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Posted: Wednesday, November 26, 2008 12:00 am


Lake level: 447.01, water temperature 59- to 65-degrees.

The striper bite is moderate to good right now. With the water dropping in temperature they are beginning to move south and can be caught in coves with deep water that beginning at Grass Island and south to Standard Wash.

Up River bite is very slow right now but the quality of the fish are better. In other words: quality not quantity.

Snagged live shad are working well right now as well as cut chunk anchovies and mackerel. Spooning is also working when targeting suspended striper schools at depths of 35- to 40-feet, also target wind blown banks or points where schooled up balls of shad are congregating.

Large and smallmouth bass bite is slow due to the water temperature. At this time of the year these fish feed every three to four days. Numbers of quality fish have been sighted up river in the main current and backwaters, but they are resistant to even the subtlest presentation of baits.

The bite will increase if the weather conditions are windy however. Reports of using jerk baits such as the pointer 78 or 100s and large hard swim baits during these periods are producing some nice quality bass, so hope for windy or breezy conditions.

Report courtesy of Debbie Blanchard, Anglers Pro Shop.


No new reports

The yearly summary is very bright. Shad made a tremendous comeback in 2008. They fed the rising generation of game fish left over after the old generation passed out of the picture in shad-poor 2007. Young stripers grew rapidly, doubling in weight from 1.5 to 3 pounds from spring to fall. Some trophy stripers remain and continue to pack on pounds but the bulk of the population weighs in at 3-4 pounds and is primed to produce a bumper crop of stripers in 2009.

Striped bass hatched in 2009 will survive on plankton early in the year and may eat some shad in summer and fall if shad are abundant. The main predatory impact of the new striped bass overpopulation will not be felt until 2010. Striped bass fishing in 2009 will be great for large numbers of 4-pound fish. If shad are scarce, bait fishing will be excellent. If shad are abundant in 2009, then stripers will grow to 6-pounds before the predation induced forage crash occurs in 2010.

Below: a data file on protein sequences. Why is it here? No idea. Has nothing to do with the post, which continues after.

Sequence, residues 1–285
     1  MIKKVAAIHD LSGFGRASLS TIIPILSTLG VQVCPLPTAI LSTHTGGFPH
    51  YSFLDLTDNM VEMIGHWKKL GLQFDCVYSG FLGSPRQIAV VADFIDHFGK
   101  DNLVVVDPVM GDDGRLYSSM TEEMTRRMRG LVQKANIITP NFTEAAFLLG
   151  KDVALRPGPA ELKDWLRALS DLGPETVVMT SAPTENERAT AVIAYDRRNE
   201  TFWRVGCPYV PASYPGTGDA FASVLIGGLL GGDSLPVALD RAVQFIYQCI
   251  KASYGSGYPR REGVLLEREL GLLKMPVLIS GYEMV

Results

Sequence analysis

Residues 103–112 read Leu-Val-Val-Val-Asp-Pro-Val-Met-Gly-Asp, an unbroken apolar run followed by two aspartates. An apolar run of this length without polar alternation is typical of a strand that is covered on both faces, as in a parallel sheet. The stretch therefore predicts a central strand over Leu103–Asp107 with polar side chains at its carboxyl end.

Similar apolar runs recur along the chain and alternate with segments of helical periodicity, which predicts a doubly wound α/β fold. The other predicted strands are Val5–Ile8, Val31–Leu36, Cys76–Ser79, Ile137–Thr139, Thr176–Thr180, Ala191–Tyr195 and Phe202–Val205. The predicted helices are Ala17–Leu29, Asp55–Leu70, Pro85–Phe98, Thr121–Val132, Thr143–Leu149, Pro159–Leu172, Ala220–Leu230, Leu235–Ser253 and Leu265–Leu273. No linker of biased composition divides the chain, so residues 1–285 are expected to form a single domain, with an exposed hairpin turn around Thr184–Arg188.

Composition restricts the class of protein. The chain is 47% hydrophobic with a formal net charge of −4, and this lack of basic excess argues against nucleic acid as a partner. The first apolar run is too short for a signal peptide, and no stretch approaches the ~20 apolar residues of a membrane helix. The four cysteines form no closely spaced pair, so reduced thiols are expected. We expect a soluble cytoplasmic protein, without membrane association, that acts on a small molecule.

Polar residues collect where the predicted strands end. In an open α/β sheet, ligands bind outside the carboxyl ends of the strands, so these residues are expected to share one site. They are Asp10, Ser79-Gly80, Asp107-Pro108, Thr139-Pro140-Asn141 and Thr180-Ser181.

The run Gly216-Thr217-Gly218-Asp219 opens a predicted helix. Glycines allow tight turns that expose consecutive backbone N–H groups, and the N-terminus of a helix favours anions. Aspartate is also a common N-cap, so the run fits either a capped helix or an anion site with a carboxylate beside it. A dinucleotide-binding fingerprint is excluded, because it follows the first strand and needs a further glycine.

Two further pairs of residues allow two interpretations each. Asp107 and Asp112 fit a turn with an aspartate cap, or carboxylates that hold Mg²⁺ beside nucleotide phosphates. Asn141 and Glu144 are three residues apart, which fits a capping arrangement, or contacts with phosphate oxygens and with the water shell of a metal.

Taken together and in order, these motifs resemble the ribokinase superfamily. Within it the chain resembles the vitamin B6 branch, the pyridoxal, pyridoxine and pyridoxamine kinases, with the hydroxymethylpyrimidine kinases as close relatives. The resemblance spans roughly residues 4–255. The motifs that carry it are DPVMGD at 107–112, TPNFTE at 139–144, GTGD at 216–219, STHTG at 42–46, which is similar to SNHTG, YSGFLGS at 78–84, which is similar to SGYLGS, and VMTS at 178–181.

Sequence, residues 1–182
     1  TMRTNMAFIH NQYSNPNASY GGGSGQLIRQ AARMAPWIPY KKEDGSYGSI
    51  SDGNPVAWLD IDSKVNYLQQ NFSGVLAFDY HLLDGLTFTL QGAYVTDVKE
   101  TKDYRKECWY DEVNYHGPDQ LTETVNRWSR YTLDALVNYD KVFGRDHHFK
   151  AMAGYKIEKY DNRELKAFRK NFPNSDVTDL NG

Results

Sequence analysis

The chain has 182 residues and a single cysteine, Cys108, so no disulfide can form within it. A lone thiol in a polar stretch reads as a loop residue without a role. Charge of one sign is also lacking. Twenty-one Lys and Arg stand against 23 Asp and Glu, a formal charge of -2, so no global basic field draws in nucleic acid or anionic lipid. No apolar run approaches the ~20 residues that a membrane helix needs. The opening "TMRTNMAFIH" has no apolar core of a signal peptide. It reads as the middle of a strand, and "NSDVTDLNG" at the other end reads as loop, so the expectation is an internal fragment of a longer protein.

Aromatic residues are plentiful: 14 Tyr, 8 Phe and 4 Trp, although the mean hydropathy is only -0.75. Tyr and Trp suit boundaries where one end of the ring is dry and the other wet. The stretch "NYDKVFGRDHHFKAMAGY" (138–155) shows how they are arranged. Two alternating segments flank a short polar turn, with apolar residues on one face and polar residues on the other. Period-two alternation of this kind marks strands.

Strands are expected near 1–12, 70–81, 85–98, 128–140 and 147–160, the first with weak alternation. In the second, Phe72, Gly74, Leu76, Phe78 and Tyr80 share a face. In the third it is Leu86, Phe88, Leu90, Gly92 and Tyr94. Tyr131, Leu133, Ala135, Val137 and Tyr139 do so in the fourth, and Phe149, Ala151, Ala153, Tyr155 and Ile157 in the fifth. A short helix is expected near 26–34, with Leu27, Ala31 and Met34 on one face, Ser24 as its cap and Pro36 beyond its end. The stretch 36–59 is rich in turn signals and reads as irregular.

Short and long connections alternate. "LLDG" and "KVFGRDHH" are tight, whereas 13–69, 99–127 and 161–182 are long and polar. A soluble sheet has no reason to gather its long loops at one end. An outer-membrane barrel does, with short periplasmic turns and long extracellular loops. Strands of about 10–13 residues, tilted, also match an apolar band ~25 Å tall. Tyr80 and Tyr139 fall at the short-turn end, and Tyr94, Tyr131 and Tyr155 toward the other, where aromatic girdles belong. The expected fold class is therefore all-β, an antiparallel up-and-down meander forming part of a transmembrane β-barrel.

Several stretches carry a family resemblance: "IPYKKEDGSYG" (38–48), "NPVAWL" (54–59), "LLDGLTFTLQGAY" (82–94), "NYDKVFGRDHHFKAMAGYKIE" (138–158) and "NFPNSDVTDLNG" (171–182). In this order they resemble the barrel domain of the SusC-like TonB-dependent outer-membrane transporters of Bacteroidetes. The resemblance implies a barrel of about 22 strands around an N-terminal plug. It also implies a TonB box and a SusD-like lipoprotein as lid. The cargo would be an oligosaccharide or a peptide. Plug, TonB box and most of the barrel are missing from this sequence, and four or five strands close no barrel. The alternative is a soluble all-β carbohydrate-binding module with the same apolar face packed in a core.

Bass, particularly largemouth, were treated to a forest of habitat as the lake rose 45 feet in 2008. Brush that had grown around the lake edge was flooded providing dense cover for largemouth, crappie and bluegill. Copious shad were added to the fish forest resulting in lush habitat and feeding conditions seldom seen in this lake.

Smallmouth hung out on the rocks at the edge of the habitat forest feeding on shad at a leisurely rate and loving it. These conditions were optimum for all sport fish. Bluegill, crappie, walleye, and catfish all excelled. The perfect mix of food and cover was to the liking of all participants, perhaps with one exception.

The only one left out in this ideal aquatic situation was the angler. When fish are well fed and housed they have no reason to respond to baits and lures with more than a token attempt. Stripers lost interest in anchovy bait in early summer. With live shad or dead bait on the menu there was little reason to choose bait. Cover made it hard (not impossible) to coax bass out of the sheltered lair to feed when they could consume sunfish and shad without leaving home.

It is refreshing to have a complacent fish year like this occasionally to allow the sport fish a chance grow larger at their leisure. The standard at Powell is large numbers of small fish with low to no forage, which makes hungry fish easy to catch. Results in 2008 were completely different with fat fish being difficult to catch. Those pleasant conditions (for fish) remain in place today and it may remain that way through winter.

Patience is the key. This season is all but over. Normal conditions will return. Fishing success will improve in 2009. The end result will be excellent fishing for bigger better fish.

Report courtesy of Wayne Gustaveson, Utah Division of Wildlife.


Fly Fishing: With the flows back to normal (fluctuating) the fishing is getting better day-by-day. The fluctuation of the water has really seemed to turn the fishing around in the past few days. We are out of the boat and wading once again. There is a lot of food being stirred up in the system right now and these trout are taking advantage of this.